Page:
Speaking of the issue of the LNG monopoly that would be held by NFE, Ferdinando noted: “On 5 July 2021, the Treasury Department and New Fortress Energy Inc. signed a framework agreement. (The) Cabinet of Ministers’ approval was given for this. Based on that framework agreement, as an extension of it, a share sales and purchase agreement (SSPA) was signed about the sale of the 40% of the shares owned by the Government of Sri Lanka. This was a non-binding instrument, which also included a non-binding term sheet about the purchase and supply of LNG. This does not create a monopoly. That agreement says that the gas is purchased by a state corporation, which includes the Treasury Secretary and the Power Ministry Secretary, amongst other individuals. This state corporation will import and distribute natural gas to Sri Lanka. New Fortress Energy Inc. will only sell gas based on the price agreed (upon) together with this state corporation. They will not be allowed to import or distribute gas. The import licence will be given to the state corporation.”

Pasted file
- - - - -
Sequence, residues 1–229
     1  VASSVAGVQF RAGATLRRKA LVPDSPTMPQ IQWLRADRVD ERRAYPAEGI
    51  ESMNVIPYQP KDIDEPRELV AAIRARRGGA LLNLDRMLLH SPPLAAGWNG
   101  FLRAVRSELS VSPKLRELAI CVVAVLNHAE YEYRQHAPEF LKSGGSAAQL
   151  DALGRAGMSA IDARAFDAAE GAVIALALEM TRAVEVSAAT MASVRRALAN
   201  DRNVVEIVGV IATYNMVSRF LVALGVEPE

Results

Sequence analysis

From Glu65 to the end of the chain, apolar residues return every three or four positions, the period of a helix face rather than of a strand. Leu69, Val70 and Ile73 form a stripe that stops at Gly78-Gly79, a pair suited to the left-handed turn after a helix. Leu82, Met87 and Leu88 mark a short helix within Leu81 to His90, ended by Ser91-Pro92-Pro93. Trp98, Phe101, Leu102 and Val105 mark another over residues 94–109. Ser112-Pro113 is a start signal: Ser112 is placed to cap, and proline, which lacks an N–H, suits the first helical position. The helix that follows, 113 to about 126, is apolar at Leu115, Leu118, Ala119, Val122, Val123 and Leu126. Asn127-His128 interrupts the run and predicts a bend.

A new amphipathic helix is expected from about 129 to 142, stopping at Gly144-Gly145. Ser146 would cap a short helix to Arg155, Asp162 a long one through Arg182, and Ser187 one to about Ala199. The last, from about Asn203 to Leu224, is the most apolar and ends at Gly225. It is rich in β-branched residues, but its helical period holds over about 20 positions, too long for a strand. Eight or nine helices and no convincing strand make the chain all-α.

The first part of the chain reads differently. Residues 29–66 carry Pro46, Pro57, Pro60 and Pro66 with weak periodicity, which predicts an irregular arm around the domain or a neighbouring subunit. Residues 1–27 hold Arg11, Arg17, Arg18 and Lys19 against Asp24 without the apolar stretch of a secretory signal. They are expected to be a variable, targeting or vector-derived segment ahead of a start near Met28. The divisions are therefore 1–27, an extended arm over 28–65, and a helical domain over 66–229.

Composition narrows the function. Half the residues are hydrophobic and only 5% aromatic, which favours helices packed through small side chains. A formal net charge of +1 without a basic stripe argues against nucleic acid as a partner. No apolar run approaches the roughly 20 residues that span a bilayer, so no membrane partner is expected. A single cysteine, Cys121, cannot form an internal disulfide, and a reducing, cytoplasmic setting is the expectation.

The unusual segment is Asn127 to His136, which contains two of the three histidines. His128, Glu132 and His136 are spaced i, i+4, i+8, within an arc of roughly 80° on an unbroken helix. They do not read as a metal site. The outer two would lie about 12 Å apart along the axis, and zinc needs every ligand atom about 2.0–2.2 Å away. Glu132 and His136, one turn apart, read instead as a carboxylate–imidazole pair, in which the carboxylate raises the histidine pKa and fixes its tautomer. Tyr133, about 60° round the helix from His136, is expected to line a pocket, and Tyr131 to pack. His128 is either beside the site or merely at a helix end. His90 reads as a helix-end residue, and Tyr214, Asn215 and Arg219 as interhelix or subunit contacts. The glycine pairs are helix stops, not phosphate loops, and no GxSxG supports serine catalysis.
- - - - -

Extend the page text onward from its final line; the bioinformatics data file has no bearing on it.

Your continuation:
However, in a press release issued in September 2021, NFE said it would acquire 40% of the shares at the 310 megawatts (MW) Yugadanavi Power Plant in Colombo, and that as part of the agreement, it would also provide about 1.2 million gallons of LNG to the Government per day, through an LNG terminal which would be built off the shores of Colombo. “New Fortress Energy Inc. will acquire a 40% ownership stake and plan to build an offshore LNG receiving, storage, and regasification terminal located off the coast of Colombo. New Fortress Energy Inc. will initially provide the equivalent of an estimated 1.2 million gallons of LNG (35,000 metric million British thermal unit [MMBtu]) per day to the Government of Sri Lanka, with the expectation of significant growth as new power plants become operational,” the statement noted.